Q. My son is failing a few classes in middle school. Teachers say it is mostly lack of effort like not doing his homework. I’ve taken away his cell phone and video games, but it hasn’t helped much. He plays soccer and is very good at it, good enough to possibly play after high school. The teachers have suggested I take that away until his grades improve, but I can’t do that. It’s like taking away his future and it will crush him. What to do?
There are a lot of things that can truly crush a child: abuse, bullying, and death in the family to name a few. Not playing soccer probably doesn’t make the list.
What is also not on the list at this point in his life — but will very much take a high spot later on — is failure: failure to acquire a basic education, failure to earn a diploma, and failure to learn responsibility. One of your tasks as a parent is to ensure that the pain of overcoming those failures is felt now, while he is young and can still do something about it, not when he is 22 and jobless.
Parents of the most successful students generally make decisions based on what will help the child become a quality adult, not a happy child. To accomplish this, you must first prioritize: what is the most important thing you want him to attain for adulthood?
For me, it was for my children to become individuals of strong faith and high character. For some, it may be to acquire a sound education and a successful job. It looks like for you it is for him to become a great soccer player.
If that’s the case, you’ll probably need to push a lot harder. According to a 2016 USA Today article, the chances of a high school soccer player making it to the pros is 1 in 5,768. That’s actually a lot better than the odds of playing in the NBA (1 in 11,771), but not as good as making it to the NFL (1 in 4,233). If that sounds doable to you, consider that your odds of dying in a fatal car accident are a mere 1 in 113, yet you probably still drive on the interstate.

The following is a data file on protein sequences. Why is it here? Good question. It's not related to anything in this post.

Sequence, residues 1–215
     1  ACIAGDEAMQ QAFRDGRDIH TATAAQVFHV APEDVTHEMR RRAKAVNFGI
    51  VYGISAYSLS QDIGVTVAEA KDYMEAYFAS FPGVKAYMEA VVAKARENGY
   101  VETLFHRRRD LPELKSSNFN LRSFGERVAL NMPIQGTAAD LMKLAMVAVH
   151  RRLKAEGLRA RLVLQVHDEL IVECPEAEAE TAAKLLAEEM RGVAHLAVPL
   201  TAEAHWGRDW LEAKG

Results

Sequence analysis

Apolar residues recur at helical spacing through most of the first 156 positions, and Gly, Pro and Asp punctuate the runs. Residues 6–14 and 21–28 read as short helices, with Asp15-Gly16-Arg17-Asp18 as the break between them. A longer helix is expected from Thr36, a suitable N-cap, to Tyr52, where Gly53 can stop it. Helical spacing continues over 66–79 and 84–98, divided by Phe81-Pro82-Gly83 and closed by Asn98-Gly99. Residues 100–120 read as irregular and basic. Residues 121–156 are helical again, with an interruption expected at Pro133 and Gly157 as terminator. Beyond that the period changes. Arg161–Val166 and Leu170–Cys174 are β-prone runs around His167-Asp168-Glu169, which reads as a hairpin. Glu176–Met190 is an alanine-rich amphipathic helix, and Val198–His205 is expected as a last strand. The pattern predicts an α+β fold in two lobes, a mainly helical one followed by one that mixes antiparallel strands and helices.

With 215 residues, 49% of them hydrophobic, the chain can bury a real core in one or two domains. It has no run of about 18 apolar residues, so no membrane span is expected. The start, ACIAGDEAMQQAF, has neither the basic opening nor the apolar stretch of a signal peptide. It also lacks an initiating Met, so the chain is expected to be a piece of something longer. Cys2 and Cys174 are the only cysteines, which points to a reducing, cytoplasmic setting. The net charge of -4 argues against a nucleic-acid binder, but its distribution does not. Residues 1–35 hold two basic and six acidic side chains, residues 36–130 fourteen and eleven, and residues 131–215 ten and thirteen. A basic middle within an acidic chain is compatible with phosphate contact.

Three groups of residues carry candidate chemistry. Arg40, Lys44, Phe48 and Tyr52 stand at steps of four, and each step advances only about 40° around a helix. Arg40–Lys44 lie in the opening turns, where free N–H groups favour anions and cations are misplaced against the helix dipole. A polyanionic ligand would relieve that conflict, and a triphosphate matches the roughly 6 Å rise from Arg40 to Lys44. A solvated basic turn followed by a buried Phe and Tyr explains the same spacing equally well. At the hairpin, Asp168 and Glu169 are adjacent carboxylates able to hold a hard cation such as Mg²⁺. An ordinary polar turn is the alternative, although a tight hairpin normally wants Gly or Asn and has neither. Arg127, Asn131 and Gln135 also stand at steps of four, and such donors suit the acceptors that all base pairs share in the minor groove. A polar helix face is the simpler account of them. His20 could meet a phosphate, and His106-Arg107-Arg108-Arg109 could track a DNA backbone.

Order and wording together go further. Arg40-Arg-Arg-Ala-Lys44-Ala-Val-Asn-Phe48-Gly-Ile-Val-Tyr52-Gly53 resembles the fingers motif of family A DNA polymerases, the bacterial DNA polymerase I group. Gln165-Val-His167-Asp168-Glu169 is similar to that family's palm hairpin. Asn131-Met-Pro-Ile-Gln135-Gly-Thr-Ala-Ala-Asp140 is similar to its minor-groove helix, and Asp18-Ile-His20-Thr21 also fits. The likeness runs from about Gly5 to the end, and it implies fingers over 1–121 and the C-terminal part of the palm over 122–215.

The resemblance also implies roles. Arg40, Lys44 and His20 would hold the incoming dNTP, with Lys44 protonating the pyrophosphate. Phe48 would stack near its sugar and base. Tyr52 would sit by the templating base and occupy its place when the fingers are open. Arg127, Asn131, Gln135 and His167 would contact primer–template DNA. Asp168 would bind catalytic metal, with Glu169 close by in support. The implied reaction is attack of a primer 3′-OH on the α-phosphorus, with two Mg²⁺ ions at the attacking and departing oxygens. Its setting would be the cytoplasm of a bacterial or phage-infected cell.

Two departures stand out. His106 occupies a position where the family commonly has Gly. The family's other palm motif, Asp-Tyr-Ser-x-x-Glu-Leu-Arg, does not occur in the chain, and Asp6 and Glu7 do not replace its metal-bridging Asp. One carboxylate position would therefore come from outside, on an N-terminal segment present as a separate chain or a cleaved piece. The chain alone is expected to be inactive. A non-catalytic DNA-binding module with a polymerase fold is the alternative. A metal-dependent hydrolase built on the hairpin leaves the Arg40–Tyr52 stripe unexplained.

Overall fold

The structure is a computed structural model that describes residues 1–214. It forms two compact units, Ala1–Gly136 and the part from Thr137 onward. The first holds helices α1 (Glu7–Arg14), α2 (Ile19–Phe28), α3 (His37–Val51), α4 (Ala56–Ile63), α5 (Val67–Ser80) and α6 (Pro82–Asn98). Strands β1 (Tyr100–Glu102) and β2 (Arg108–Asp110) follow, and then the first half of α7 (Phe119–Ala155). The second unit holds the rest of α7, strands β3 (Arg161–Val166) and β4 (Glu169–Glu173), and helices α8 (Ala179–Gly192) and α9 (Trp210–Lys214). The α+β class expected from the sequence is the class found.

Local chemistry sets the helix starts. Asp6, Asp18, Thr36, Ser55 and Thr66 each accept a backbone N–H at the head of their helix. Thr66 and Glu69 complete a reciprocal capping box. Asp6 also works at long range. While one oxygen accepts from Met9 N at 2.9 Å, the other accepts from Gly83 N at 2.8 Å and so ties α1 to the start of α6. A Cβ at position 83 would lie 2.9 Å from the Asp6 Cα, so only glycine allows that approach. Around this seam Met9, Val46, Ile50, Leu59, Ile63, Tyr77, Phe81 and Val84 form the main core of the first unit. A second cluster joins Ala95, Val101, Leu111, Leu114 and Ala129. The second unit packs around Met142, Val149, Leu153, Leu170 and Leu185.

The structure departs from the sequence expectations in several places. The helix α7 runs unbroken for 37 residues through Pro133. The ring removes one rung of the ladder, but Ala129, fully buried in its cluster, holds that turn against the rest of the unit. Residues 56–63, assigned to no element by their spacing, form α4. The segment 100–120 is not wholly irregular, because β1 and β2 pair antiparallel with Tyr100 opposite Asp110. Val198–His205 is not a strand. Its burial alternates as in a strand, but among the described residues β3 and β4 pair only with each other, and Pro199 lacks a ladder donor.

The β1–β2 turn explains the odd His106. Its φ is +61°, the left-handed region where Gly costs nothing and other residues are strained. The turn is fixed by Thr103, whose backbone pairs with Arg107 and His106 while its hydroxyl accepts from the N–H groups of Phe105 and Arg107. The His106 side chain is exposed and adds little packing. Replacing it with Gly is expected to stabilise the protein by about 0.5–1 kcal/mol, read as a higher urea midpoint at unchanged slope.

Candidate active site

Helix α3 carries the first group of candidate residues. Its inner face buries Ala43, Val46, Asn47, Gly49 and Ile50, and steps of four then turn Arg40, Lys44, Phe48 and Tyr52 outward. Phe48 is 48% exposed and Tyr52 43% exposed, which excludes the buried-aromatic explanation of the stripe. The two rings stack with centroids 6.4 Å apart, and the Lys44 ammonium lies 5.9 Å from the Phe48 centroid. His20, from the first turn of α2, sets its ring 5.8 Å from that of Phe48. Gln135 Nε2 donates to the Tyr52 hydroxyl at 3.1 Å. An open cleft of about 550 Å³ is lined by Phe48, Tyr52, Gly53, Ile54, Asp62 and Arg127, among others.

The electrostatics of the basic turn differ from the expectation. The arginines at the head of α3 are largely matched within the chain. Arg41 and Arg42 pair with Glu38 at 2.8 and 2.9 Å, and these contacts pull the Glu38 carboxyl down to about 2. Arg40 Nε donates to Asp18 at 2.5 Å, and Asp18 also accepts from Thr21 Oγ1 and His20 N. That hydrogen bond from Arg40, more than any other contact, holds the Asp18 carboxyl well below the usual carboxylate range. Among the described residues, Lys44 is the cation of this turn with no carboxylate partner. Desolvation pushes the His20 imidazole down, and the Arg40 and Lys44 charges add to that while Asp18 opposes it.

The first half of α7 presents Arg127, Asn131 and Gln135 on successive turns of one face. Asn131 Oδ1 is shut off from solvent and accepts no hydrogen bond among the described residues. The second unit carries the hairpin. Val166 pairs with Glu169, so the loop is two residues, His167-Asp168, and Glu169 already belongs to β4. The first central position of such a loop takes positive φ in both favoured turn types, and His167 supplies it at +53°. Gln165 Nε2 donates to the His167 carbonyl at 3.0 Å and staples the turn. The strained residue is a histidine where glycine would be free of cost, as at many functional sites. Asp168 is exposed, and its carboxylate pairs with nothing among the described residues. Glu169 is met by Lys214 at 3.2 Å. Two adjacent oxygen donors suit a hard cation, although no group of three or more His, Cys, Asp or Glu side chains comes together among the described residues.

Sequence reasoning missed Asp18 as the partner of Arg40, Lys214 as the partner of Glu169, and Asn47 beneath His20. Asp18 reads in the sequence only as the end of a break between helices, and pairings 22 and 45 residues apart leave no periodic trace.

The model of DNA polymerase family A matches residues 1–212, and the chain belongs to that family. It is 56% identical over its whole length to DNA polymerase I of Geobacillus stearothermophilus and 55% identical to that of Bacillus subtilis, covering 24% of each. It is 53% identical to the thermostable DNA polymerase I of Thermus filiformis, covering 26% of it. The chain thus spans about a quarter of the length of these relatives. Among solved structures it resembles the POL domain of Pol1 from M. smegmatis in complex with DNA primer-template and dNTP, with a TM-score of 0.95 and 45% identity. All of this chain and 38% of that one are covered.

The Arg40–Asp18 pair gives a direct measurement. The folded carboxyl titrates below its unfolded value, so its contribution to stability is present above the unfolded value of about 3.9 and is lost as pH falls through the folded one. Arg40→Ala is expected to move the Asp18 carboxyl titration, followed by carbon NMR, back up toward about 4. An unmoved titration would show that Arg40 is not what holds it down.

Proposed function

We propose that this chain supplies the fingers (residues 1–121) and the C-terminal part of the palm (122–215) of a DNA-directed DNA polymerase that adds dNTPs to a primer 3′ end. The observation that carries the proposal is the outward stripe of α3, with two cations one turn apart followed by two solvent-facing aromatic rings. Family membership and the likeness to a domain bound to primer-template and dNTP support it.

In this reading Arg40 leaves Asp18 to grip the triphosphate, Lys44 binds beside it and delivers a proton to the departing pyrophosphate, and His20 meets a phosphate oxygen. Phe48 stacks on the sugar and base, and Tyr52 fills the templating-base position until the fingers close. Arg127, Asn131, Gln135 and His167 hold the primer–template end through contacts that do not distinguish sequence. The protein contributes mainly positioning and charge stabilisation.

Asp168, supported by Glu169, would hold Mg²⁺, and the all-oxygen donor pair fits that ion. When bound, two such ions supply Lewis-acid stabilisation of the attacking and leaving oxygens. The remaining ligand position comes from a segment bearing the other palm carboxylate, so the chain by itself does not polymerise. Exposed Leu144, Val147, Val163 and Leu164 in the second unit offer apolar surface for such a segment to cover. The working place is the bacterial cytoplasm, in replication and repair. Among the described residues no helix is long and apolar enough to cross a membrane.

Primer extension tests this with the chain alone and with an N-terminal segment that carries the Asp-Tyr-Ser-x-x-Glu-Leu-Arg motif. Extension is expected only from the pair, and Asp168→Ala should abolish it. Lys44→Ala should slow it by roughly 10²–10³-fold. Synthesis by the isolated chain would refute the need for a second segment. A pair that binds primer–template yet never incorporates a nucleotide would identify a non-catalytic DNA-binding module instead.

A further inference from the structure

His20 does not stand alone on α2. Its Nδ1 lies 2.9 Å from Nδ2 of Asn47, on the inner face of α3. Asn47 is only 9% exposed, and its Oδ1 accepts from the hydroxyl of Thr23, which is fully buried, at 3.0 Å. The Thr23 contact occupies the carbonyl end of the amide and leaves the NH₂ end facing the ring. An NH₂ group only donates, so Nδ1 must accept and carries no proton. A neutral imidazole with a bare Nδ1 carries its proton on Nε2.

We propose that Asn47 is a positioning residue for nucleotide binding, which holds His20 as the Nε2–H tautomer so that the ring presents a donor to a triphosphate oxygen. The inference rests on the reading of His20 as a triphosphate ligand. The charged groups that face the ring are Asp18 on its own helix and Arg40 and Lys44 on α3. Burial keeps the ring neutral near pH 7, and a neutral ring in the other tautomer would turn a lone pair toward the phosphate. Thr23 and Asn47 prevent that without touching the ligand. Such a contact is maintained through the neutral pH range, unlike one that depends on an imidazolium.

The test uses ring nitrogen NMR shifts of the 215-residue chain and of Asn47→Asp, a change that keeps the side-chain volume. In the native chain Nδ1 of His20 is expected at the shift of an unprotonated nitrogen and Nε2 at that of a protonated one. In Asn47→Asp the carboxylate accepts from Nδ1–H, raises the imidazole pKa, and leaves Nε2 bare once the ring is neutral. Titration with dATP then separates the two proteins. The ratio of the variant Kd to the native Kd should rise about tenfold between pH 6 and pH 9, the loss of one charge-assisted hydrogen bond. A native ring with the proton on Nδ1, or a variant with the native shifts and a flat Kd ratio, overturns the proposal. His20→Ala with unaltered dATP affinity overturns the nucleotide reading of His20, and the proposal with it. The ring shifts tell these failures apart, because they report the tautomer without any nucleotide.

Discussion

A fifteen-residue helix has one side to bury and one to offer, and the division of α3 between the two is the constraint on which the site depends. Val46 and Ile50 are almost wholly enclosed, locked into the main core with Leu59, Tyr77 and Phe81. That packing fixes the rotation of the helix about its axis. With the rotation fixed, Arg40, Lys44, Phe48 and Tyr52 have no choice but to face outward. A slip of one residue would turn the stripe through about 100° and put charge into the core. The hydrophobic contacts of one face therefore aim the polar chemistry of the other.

So I’m tellin’ ya there’s a chance. Unfortunately there’s a much higher chance that his current bad habits will cripple his future if you allow them to become entrenched. Exerting the effort to pass school is an endeavor that gives students crucial traction toward becoming responsible, productive adults. Failing to do so achieves the opposite results. This is why the parents of the most successful students hold their children accountable for it, even if it means making the children temporarily disgruntled in the process.
So consider the possibility that responsibility and an education are two acquisitions that may be of greater lifelong importance than dribbling and heading. If that’s true, then pulling him from the team to focus on them is an easy call, especially since you’ve already taken away his phone and video games. At the very least, give him an ultimatum: all passing grades by the next marking period, or he’s off the team.
If you put first things first, you often get second things, too. It’s possible that by yanking him from the team you’ll make him a better student, a better person, and, surprisingly, a better soccer player. He’ll surely gain a stronger work ethic and a better ability to focus on what’s important. He might then earn his way back on the team. From there, who knows? He might just beat the odds and go pro, but he’ll do so as a responsible role model instead of another entitled, self-indulgent athlete.
One of my saddest days as a parent was watching my seventh grade son walk out to the field to tell his football coach that his father was making him quit the team because of low grades. But my son and I had a deal: make C’s or better and you can play. But if you can’t meet that bar because you’re being irresponsible, the extracurricular stuff has to go.
I still get teary thinking of that day. But then I look at him now as a college student who works diligently at a part-time job, and I feel better. True, he might have missed his opportunity to be the next Cam Newton. But what matters most in an individual isn’t what he can do with his arms and legs. It’s who he is in his heart and spirit.
Coaches often say “no pain, no gain.” It’s true in parenting, too. The right thing to do is usually the hardest thing to do. But the joy of seeing your child become a high character adult far surpasses the fleeting possibility of rearing an all-star athlete.